Tuesday, October 09, 2012

Free Range: Liam and Raven v. Jackson/Ramanan/Thompson Trio

An interesting concept this one. Free Range organiser Sam Bailey used to be a music teacher at the school Liam and Raven (half of local psych-prog band Syd Arthur attended in Canterbury, also Simon Langton where Zoo For You emerged from — has taught piano to members of Syd Arthur, Boot Lagoon, Arlet, even played keyboards for a while with local Afrobeat band Mr. Lovebucket, before handing the job over to one of his pupils. [I did an interview with him for Canterbury Soundwaves episode 23 about all of this.] He came along to the woodland event in June and heard Liam and Raven do their acoustic thing for the first time in a while, came up with this idea: a Free Range evening where they play a song, then a group of free improvisers "respond" to it, they play another song followed by another "response", etc.

In the end, it didn't quite work like that. After a bit of a discussion something similar was arranged, though. First, we got Sam doing a few minutes of free piano improv. There was a very pleasant surprise when he suddenly went into an interpretation of Liam's "Honest Land" (which he'd learned via Youtube without telling anyone), mutating it in interesting new ways. L&R then played a couple of songs, beautiful renditions of "Black Wave" (B-side of the last Syd Arthur single) and "Dorothy" (A-side of the new one), Raven on vioin. The Jackson/Ramanan/Thompson trio (clarinet/trumpet/guitar) then played a free improv piece, which in some sense couldn't avoid being a response to what they'd just heard, although it wasn't evident in any describable way. It started off like a swarm of insects buzzing around, almost annoyingly, but gradually intensified and morphed into a flock of irridescent, squawking flock of tropical birds. A Magic Band-like intensity for a few moments. L&R then played another couple of songs with Rave on mandolin — familiar songs, but I don't know the names. Liam's shelved his solo album project for a little while, but we're assured it will eventually surface. The trio again responded. At one point Roland R was playing his fist in a trumpet-like way — there's a tinge of comedy and theatre which helps to redeem what could otherwise seem like an impenetrable intellectual exercise (I was thinking about eavesdropping on other peoples' conversations — however much they're enjoying the conversation, there's no guarantee that it'll make sense or be enjoyable). There's a fine line between pushing the boundary of what an instrument can do, sonically, and sounding like a beginner who can't yet make a "proper" sound. They generally (but not always!) stay on the right side of that line. The most engaging bits are when a kind of telepathy becomes evident in the timing and choices of notes — you can feel it, it looks like they can feel it too, there's something there for them to bind to, and the music momentarily acquires an ecstatic coherence.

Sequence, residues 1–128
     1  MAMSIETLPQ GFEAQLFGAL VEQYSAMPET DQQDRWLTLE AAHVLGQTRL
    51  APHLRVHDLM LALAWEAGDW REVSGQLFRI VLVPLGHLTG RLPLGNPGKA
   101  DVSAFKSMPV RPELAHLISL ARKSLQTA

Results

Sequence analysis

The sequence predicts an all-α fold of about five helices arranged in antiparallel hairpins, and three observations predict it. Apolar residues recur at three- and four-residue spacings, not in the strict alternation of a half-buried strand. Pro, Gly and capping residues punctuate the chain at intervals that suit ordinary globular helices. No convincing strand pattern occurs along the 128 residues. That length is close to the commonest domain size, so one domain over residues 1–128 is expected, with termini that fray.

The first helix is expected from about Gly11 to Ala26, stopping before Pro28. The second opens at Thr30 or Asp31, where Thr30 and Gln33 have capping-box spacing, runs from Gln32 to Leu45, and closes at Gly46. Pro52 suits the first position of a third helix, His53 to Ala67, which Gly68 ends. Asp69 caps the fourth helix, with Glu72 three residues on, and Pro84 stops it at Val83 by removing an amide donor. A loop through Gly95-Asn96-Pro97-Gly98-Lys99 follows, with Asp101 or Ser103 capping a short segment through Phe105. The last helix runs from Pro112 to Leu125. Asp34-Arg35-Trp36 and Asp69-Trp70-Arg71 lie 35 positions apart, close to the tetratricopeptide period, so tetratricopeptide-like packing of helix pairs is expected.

Sam then announced that they were going to attempt something together, invited Liam to start off singing unaccompanied. Appropriately, he chose "Honest Land". Sam came in, Raven came in (back on violin), and then gradually the J/R/T Trio came in and started mangling it into unrecognisable shapes. Liam faded it out at just the right point, Raven cautiously joined the maelstrom, it went somewhere far from "Honest Land", but then Sam started bringing lines from the song back in on Piano, closing the circuit. It was a worthy exploration, and felt exactly the right length. More good stuff from FR. And well attended this time.

* * *

I've since learned from Sam that the batteries on his digital recorder died almost as soon as the evening started. Fortunately I'd urged Liam's brother Callum, sitting nearby, to record it on his phone, so something (at least the first bit) may surface. But for now, here's some footage of L&R that recently surfaced on Youtube:


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